H|T: The Healthtech Times – AbCellera plays the long game despite losses

Plus: The BC telemedicine company that was allegedly a “pump and dump.”

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Despite billion-dollar pandemic boost, AbCellera still seeks ‘escape velocity’

When AbCellera posted a nearly US$150-million annual loss at the end of 2023, it was an abrupt turn for a company seen as the lodestar of Vancouver’s biotech startup scene. For the previous two years, it had been awash in royalties from two COVID-19 therapies it co-developed in the midst of the pandemic.

Yet despite the bleak earnings news and a languishing stock price, [CEO Carl] Hansen seems unfazed. Biotech is a long game, he noted, and companies that reach “escape velocity” – a tech metaphor Hansen often reaches for to describe an elite class of firms able to fuel their own growth through product development – take decades to do so.

(The Logic)

Well Health acquires 10 primary care medical clinics from Shoppers Drug Mart

Vancouver-based digital healthcare company Well Health Technologies has acquired 10 primary-care medical clinics across British Columbia (BC) and Ontario from Loblaw-owned Shoppers Drug Mart.

The banner is made up of 35 physicians across four clinics in BC and six clinics in Ontario, according to Well Health, and will be rebranded under the Well Clinic name.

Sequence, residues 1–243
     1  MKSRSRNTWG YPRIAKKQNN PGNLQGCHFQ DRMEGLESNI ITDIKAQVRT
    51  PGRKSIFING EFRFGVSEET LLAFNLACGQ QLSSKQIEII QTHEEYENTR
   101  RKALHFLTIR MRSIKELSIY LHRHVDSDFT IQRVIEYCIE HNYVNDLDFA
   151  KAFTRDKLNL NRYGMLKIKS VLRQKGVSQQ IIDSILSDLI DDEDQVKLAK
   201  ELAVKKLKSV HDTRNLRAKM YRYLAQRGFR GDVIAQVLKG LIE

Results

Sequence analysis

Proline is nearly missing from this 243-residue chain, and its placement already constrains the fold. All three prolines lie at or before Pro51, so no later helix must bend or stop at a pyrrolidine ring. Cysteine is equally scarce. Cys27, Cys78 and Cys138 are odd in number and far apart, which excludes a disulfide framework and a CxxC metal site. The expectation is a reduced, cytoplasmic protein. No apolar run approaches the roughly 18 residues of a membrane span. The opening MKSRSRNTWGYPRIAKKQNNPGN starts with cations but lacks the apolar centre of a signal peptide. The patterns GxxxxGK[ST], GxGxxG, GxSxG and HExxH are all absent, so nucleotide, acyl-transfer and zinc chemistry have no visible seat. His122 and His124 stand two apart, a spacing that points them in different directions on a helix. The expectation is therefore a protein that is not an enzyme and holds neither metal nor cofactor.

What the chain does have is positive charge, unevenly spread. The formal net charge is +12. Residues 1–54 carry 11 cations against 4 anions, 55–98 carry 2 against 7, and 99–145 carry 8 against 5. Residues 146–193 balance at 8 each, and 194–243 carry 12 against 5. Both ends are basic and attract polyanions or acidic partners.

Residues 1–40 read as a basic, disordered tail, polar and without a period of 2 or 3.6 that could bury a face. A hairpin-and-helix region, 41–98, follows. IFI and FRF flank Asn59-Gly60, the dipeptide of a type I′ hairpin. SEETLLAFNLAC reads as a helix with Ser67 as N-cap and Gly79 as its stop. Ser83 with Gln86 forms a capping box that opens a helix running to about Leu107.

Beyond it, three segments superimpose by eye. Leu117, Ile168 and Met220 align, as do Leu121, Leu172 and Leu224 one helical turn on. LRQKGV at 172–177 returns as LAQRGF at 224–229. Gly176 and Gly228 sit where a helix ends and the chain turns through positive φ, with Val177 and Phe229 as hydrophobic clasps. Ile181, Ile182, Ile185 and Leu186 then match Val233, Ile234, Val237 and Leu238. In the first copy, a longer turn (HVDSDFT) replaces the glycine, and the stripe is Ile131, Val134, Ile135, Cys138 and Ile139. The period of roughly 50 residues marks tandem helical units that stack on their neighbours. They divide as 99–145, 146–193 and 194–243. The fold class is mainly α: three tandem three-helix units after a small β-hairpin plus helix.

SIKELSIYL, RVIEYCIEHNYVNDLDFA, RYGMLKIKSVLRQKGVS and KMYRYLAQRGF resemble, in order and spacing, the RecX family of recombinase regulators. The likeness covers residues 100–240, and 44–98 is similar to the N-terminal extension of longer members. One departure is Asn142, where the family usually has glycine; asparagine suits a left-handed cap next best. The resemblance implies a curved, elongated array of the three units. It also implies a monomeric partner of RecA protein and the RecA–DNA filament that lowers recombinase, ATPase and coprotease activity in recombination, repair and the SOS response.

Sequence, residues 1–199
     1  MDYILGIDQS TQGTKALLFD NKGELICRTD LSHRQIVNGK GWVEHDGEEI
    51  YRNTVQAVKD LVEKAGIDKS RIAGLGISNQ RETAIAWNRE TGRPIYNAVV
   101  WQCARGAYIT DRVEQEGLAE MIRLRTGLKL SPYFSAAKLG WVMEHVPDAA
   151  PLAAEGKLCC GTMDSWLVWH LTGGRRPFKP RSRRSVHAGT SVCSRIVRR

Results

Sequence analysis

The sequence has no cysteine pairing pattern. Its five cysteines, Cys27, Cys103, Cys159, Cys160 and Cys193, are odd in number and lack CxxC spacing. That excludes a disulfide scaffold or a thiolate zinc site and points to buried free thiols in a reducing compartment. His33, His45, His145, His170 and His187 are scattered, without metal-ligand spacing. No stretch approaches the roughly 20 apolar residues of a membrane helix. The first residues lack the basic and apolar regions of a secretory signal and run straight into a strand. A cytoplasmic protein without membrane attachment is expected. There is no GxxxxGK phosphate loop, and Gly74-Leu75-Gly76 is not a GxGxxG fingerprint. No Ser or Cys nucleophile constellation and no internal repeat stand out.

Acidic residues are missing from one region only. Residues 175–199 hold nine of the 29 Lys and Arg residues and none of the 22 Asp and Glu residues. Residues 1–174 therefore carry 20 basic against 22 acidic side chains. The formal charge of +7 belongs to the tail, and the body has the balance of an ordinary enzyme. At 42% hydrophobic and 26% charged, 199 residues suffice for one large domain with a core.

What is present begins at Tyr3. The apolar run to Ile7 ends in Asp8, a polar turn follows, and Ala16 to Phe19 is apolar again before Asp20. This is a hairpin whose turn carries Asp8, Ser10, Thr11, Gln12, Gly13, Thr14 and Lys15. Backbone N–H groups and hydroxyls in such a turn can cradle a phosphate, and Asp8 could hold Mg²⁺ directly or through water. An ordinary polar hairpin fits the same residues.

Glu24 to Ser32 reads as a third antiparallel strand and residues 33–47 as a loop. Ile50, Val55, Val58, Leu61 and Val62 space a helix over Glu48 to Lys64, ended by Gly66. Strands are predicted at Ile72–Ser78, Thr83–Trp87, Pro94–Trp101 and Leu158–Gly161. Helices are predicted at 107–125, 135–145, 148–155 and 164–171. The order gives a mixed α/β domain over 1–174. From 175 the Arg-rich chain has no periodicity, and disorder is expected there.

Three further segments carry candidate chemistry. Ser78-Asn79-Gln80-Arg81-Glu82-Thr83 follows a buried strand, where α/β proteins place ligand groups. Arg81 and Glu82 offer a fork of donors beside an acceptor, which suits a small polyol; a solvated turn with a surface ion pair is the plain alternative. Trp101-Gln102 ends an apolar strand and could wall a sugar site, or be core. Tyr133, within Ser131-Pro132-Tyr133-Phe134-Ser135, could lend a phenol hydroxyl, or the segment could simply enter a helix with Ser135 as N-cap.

Well Health said it expects the new clinics to add approximately $8 million in annual revenue, and will look to staff them with more physicians. Financial terms of the deal were not disclosed.


How accused ‘pump and dump’ perpetrators allegedly controlled a B.C. telemedicine company

A Vancouver man thought he was making a savvy investment in a telemedicine company.

Securities regulators now believe he was a victim of a “pump and dump” scheme that netted its masterminds millions while leaving investors out in the cold.

(Investigative Journalism Foundation)

What’s in #Budget2024 for Canadian tech?

The federal government published its 2024 budget this past week and the reaction from Canadian tech was immediate and loud.

Ottawa unveiled new measures on open banking, including an updated timeline on real-time payment rails and new funding allocations to FCAC and the Department of Finance, but FinTech leaders say “the devil is in the details.”

Following calls from Canadian business leaders, Budget 2024 also announced the government’s plan to establish a working group led by former Bank of Canada governor Stephen Poloz aimed at encouraging Canada’s pension funds to make more investments in Canada.

But the biggest reaction came in response to proposed changes to the capital gains tax, which would lift the inclusion rate businesses pay on capital gains from 50 percent to 66.7 percent. Hundreds of Canadian tech leaders signed an open letter calling on Ottawa to claw back the changes, while others said they believe the reaction is a distraction and “hysteria.”

Still haven’t taken a look at #Budget2024?

BetaKit’s roundup has everything you need to know.

Pharmacists at Shoppers file proposed lawsuit against Loblaw, alleging unethical corporate practices

Shoppers Drug Mart pharmacists have filed a proposed class-action lawsuit against the company and parent Loblaw Cos. Ltd., alleging the drugstore chain breached their franchise agreements with unethical corporate practices, including putting pressure on franchise holders to bill the health care system for unnecessary services.